Description : Basing his study on extensive new research Professor Russell provides the fullest account yet available of the origins of one of the most significant events in British history.
Description : This book provides students with the essential background to the English Civil War and to the historical debates surrounding its causes.
Description : "This is a coordinated presentation of the economic basis of revolutionary change in 16th- and early 17th-century England, addressing a crucial but neglected phase of historical development. It traces a transformation in the agrarian economy and substantiates the decisive scale on which this took place, showing how the new forms of occupation and practice on the land related to seminal changes in the general dynamics of commercial activity. An integrated, self-regulating national market generated new imperatives, particularly a demand for a right of freedom of trade from arbitrary exactions and restraints. This took political force through the special status that rights of consent had acquired in England, based on the rise of sovereign representative law following the Break with Rome. These associations were reflected in a distinctive merchant-gentry alliance, seeking to establish freedom of trade and representative control of public finance, through Parliament. This produced a persistent challenge to royal prerogatives such as impositions from 1610 onwards. Parliamentary provision, especially legislation, came to be seen as essential to good government. These ambitions led to the first revolutionary measures of the Long Parliament in early 1641, establishing automatic parliaments and the normative force of freedom of trade"--
Description : A brilliant appraisal of the Civil War and its long-term consequences, by an acclaimed historian. The political upheaval of the mid-seventeenth century has no parallel in English history. Other events have changed the occupancy and the powers of the throne, but the conflict of 1640-60 was more dramatic: the monarchy and the House of Lords were abolished, to be replaced by a republic and military rule. In this wonderfully readable account, Blair Worden explores the events of this period and their origins - the war between King and Parliament, the execution of Charles I, Cromwell's rule and the Restoration - while aiming to reveal something more elusive: the motivations of contemporaries on both sides and the concerns of later generations.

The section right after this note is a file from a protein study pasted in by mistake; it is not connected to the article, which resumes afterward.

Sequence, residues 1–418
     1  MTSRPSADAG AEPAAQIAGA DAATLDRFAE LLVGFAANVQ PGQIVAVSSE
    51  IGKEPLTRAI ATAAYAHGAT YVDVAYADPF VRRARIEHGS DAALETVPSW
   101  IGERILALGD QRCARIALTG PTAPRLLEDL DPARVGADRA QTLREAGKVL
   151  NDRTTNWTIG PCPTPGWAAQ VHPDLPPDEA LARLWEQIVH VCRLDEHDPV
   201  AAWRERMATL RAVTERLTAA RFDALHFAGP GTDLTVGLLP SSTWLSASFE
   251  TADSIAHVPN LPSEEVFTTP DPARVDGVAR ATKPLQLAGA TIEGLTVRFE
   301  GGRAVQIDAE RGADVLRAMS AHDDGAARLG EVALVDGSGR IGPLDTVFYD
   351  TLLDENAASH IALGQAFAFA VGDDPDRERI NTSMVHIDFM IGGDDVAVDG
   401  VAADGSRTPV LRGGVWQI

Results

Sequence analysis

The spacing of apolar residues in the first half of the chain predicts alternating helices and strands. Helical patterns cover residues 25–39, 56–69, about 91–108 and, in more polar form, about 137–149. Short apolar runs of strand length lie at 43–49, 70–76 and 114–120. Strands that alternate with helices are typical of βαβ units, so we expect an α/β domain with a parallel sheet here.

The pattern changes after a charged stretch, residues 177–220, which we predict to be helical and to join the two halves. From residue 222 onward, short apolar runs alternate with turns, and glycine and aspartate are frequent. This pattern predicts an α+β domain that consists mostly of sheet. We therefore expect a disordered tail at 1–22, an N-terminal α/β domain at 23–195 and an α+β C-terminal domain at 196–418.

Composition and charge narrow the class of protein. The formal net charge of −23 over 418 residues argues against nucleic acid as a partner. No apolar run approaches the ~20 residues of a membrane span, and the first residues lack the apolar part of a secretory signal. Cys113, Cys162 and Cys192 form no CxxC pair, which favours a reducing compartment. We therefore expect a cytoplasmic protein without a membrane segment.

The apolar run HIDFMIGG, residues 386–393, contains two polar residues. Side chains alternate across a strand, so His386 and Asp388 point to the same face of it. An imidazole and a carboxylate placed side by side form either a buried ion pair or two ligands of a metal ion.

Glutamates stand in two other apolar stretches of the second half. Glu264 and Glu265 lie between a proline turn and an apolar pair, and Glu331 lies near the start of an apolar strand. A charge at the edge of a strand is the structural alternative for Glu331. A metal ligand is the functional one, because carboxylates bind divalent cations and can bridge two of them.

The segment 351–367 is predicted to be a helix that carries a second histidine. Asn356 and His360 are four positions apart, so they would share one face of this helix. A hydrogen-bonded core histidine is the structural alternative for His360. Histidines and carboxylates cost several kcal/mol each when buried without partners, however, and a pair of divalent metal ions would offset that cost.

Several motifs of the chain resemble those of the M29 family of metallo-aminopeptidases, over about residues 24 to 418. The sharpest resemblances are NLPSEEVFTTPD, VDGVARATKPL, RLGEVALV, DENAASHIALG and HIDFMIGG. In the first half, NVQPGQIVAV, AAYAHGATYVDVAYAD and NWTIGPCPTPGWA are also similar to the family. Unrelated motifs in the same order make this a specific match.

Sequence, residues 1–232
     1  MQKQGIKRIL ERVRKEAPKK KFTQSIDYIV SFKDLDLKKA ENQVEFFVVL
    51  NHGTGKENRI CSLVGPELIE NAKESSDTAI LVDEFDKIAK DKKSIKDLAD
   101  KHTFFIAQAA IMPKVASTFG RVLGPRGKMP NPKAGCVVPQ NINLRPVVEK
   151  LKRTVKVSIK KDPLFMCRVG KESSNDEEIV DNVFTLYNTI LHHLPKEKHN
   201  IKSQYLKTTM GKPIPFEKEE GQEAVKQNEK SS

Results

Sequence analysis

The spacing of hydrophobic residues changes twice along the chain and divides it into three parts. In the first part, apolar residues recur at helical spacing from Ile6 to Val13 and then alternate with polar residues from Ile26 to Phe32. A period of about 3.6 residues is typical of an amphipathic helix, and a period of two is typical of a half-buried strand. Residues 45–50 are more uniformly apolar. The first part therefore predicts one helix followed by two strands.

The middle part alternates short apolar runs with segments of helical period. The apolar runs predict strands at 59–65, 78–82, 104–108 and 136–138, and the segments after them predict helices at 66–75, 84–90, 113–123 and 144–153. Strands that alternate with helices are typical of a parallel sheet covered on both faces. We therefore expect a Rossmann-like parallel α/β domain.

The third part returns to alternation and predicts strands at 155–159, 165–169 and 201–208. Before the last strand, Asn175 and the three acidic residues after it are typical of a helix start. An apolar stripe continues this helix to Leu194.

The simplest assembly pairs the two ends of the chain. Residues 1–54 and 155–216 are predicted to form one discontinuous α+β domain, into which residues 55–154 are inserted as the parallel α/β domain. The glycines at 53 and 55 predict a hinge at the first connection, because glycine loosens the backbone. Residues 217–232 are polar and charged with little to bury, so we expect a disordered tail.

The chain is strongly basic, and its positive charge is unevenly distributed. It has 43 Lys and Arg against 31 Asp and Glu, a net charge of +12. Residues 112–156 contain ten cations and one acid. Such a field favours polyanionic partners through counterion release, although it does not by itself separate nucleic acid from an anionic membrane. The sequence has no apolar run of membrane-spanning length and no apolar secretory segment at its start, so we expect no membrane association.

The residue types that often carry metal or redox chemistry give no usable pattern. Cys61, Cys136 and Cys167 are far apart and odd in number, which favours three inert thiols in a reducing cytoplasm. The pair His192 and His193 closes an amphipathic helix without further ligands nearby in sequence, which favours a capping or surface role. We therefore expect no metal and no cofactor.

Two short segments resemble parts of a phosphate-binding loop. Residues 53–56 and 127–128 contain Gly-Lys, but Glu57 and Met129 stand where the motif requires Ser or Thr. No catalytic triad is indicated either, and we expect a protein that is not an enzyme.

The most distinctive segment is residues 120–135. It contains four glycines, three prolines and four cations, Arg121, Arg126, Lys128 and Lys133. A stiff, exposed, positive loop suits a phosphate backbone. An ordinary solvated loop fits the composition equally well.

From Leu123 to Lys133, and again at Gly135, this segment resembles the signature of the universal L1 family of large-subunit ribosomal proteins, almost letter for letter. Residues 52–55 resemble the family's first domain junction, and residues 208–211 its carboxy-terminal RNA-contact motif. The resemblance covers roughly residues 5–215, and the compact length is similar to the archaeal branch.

Description : The influence exercised by Queen Henrietta Maria over her husband Charles I during the English Civil Wars, has long been a subject of interest. To many of her contemporaries, especially those sympathetic to Parliament, her French origins and Catholic beliefs meant that she was regarded with great suspicion. Later historians picking up on this, have spent much time arguing over her political role and the degree to which she could influence the decisions of her husband. What has not been so thoroughly investigated, however, are issues surrounding the popular perceptions of the Queen that inspired the plethora of pamphlets, newsbooks and broadsides. Although most of these documents are polemical propaganda devices that tell us little about the actual power wielded by Henrietta Maria, they do throw much light on how contemporaries viewed the King and Queen, and their relationship. The picture created by Charles and Henrietta's enemies was one of a royal household in patriarchal disorder. The Queen was characterized as an overly assertive, unduly influential, foreign, Catholic queen consort, whilst Charles was portrayed as a submissive and weak husband. Such an image had wide political ramifications, resulting in accusations that Charles was unfit to rule, and thus helping to justify Parliamentary resistance to the monarch. Because Charles had permitted his Catholic wife to interfere in state matters he stood accused of threatening the patriarchal order upon which all of society rested, and of imperilling the Church of England. In this book Michelle White tackles these dual issues of Henrietta's actual and perceived influence, and how this was portrayed in popular print by those sympathetic and hostile to her cause. In so doing she presents a vivid portrait of a strong willed woman who had a profound influence on the course of English history.
Description : The period 1642-1651, one of the most turbulent in the history of mainland Britian, saw the country torn by civil wars. Focusing on the English and Welsh wars this book examines the causes, course and consequences of the conflicts. While offering a concise military account that assesses the wars in their national, regional and local contexts, Dr Gaunt provides a full appraisal of the severity of the wars and the true extent of the impact on civilian life, highlighting areas of continued historical debate. The personal experiences and biographies of key players are also included in this comprehensive and fascinating account.